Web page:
Skip to main content

Google and Why Modern Medicine is in a Rut



I'm at the annual SGIM meeting and the following topics came up in conversations w/various folks, so I thought I should write about it.

First, I was struck by a recent news article about Google and how the expectation is that each one of their new products should be 10 times better than the competition.  In an interview, Larry Page talked about how setting the bar that high forces everyone to think "outside the box" and come up with new, transformational ideas, rather than tinkering around the edges to make something marginally better.

Second, I was struck by a recent scholarly article by Mittra entitled, "Why Modern Medicine is in a rut" (PMID 19855121) (Props to Dave Aron who suggested the article to me).  In it Mittra argues that the first 30 years after WW2 was characterized by transformational change:  Dialysis, Ventilators, CABG, etc.  However, the last 30 years have been characterized by incremental change despite a huge increase in research funding.  He cites 2 reasons:  overdependence on high tech research (i.e. Human Genome project) and overdependence on big RCTs (if you need 5000 pts per arm, by definition the effect is modest--truly transformational requires only small studies because the effects are so profound.)

I'd argue that we need more Google-like thinking in research.  We shouldn't be investing $200million on a single study to figure out whether triple anti-platelet blockade is better than double blockade.  Rather, we should be spending that money to 200 $1M grants to think about revolutionary approaches to atherosclerosis.  I don't know what those revolutionary approaches would be, but I am fairly certain that few funded grants are proposing interventions that are 10 times better than current standard of care.

Finally, I was talking to Seth Landefeld, a mentor and disruptive thinker, who talked about how the projects he's most proud of are the ones that were not grant funded.  I think this points to the fact that most researchers are drawn to transformative, high-risk projects.  The problem is that the vast majority of what is funded is incremental research.  So, the safe path is often to do that study on triple blockade rather than transformative research.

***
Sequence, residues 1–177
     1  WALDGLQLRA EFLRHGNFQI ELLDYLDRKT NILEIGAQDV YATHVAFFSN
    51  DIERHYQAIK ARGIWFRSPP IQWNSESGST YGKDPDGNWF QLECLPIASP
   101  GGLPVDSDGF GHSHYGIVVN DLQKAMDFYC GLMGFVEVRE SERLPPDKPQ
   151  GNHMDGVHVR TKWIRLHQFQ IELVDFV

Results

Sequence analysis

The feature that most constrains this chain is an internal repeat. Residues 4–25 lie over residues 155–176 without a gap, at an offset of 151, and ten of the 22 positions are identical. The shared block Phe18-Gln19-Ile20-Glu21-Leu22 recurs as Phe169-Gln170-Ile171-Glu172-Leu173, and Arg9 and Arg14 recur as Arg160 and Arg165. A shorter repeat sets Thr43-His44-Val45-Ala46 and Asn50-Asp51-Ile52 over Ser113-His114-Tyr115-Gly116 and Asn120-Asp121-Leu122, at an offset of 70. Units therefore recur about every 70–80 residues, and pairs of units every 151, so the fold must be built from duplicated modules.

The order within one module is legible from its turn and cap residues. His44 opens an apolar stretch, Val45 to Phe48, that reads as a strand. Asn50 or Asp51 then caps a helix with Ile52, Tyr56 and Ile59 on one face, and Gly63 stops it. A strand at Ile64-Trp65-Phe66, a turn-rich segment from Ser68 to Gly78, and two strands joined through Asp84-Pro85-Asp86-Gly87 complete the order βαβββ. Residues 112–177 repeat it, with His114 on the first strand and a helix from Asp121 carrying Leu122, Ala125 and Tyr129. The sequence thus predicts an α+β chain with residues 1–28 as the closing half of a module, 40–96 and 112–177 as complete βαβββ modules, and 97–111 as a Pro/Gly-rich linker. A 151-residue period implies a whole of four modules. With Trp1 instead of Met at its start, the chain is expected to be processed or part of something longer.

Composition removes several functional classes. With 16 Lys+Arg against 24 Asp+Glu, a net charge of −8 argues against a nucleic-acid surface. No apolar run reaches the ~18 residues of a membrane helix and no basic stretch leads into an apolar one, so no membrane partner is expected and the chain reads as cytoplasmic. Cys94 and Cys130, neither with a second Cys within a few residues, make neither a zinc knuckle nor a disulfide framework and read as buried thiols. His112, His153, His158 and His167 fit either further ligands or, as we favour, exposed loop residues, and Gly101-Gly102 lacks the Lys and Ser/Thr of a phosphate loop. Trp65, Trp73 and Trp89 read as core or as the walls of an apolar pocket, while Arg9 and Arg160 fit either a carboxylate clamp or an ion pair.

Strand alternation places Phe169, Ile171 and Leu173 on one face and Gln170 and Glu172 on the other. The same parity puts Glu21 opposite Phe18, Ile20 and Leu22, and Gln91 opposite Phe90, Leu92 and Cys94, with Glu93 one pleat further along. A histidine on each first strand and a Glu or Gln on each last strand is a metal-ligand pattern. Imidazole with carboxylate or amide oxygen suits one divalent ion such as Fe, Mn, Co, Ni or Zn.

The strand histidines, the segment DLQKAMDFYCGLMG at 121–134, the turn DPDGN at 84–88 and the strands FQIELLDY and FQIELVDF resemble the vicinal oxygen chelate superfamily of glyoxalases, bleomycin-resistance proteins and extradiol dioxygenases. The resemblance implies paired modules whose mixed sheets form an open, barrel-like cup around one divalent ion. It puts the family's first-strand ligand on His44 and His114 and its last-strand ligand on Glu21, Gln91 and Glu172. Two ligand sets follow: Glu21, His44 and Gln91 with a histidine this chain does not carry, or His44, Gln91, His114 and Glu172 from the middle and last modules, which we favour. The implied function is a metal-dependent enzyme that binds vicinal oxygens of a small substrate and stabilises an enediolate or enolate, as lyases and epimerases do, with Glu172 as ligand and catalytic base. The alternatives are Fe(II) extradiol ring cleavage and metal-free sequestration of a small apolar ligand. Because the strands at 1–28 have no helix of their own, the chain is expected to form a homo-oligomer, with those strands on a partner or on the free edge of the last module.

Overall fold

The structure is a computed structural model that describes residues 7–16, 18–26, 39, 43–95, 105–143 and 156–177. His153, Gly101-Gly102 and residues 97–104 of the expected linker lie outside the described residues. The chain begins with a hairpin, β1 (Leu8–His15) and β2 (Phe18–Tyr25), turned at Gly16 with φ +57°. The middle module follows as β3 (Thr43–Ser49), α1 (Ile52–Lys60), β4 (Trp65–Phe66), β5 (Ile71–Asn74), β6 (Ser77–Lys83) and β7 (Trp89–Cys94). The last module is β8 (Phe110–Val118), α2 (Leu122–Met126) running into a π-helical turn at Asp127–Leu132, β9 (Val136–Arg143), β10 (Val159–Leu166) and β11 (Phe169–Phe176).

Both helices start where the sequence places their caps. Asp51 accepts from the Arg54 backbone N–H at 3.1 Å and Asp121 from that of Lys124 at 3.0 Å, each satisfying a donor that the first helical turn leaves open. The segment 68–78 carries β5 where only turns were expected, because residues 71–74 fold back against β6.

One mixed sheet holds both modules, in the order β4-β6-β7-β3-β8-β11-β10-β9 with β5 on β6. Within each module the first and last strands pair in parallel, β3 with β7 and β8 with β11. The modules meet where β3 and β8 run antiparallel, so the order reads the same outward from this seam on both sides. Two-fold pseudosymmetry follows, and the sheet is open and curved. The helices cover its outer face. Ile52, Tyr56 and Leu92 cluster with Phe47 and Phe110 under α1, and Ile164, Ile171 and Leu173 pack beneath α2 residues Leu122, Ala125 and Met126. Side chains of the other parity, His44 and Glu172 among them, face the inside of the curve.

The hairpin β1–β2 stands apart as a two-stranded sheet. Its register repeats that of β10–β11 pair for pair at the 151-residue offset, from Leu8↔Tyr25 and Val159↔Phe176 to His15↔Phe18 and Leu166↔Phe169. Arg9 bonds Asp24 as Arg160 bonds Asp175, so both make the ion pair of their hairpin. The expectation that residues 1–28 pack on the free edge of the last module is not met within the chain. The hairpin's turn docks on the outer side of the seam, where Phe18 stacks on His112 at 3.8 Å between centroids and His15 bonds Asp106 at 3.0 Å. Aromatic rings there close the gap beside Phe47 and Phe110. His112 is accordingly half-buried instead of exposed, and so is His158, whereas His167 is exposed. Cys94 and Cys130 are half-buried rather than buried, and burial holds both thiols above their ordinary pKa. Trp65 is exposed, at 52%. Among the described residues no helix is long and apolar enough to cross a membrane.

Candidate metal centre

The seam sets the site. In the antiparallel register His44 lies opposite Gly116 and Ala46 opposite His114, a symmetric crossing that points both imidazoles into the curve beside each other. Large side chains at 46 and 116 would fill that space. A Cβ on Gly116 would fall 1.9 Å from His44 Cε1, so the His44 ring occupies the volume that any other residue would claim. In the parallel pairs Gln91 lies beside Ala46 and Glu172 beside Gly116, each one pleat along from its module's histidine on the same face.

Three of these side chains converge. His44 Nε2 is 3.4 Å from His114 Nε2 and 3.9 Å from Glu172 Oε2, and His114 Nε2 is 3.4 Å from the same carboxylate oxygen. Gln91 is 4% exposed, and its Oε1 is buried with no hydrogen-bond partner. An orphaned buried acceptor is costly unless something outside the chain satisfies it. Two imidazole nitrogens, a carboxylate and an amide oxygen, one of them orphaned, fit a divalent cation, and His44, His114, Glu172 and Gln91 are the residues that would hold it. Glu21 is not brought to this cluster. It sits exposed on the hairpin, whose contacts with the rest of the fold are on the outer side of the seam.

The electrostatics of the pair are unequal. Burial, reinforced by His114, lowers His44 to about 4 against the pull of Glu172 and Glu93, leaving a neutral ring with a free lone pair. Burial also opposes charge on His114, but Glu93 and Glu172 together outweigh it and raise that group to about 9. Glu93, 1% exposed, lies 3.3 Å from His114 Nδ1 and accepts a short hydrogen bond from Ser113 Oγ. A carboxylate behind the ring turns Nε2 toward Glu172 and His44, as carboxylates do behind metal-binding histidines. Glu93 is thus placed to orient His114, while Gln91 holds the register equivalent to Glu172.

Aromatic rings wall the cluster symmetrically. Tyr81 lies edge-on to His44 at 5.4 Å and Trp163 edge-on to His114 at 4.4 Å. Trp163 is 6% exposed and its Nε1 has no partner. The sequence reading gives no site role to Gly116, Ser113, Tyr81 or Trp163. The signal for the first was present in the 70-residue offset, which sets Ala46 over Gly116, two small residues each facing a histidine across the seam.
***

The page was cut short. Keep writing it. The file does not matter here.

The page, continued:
Luckily, most of us find some time to do both incremental and (hopefully) transformative research.  But if we were able to align funding to reward potentially transformative research, I think we'd get more innovative research, and we'd be able to get Modern Medicine out of Its Rut.

by: Sei

Comments

Popular posts from this blog

Dying without Dialysis

There is a terrific article in this weeks Journal of Pain and Symptom Management by Fliss Murtagh of King's College in London about the epidemiology of symptoms for patients with advanced renal failure who die without dialysis.  This study is important because while we know that patients with advanced renal failure have a limited life expectancy and the average age of initiation of hemodialysis is increasing, we know little about the alternatives to hemodialysis.  Specifically, we know nothing about symptoms affecting quality of life among patients who elect not to start dialysis (so called "conservative management" - is this the best label?).  This article provides a terrific counterpoint to the article in last years NEJM showing that nursing home residents who initiated hemodialysis tended to die and decline in function (see GeriPal write up here). 

The study authors followed patients with the most advanced form of chronic kidney disease (the new name for renal failu…

Language Matters: Podcast with Brian Block and Anna DeForest

One of our first GeriPal posts was titled "Rant on Terminology," by Patrice Villars, NP.  In the spirit of looking back over our first 10 years, here is the opening paragraph to that post:

News Headlines read: Sen. Edward Kennedy loses battle with cancer. Really, he lost? I thought he died from a malignant brain tumor, an “aggressive” brain tumor. The median survival is less than a year for people for his particular tumor. Kennedy was diagnosed in May of 2008. He lived over 15 months after diagnosis. What a loser. He must not have fought hard enough. Huh? I thought he spent most of his life battling for social and health care reform in America. In this week's GeriPal podcast we take a deeper dive into this issue of language and medicine.  We are joined by guests Anna DeForest, MD, MFA, a resident in Neurology at Yale, and Brian Block, MD, a pulmonary critical care fellow at UCSF.  

Anna recently published a paper in the NEJM describing her reaction to hearing terms like, &…

The Dangers of Fleet Enemas

The dangers of oral sodium phosphate preparations are fairly well known in the medical community. In 2006 the FDA issued it’s first warning that patients taking oral sodium phosphate preparations are at risk for potential for acute kidney injury. Two years later, over-the-counter preparations of these drugs were voluntarily withdrawn by the manufacturers.  Those agents still available by prescription were given black box warnings mainly due to acute phosphate nephropathy that can result in renal failure, especially in older adults. Despite all this talk of oral preparations, little was mentioned about a sodium phosphate preparation that is still available over-the-counter – the Fleet enema.

Why Oral Sodium Phosphate Preparations Are Dangerous 

Before we go into the risks of Fleet enemas, lets spend just a couple sentences on why oral sodium phosphate preparations carry significant risks. First, oral sodium phosphate preparations can cause significant fluid shifts within the colon …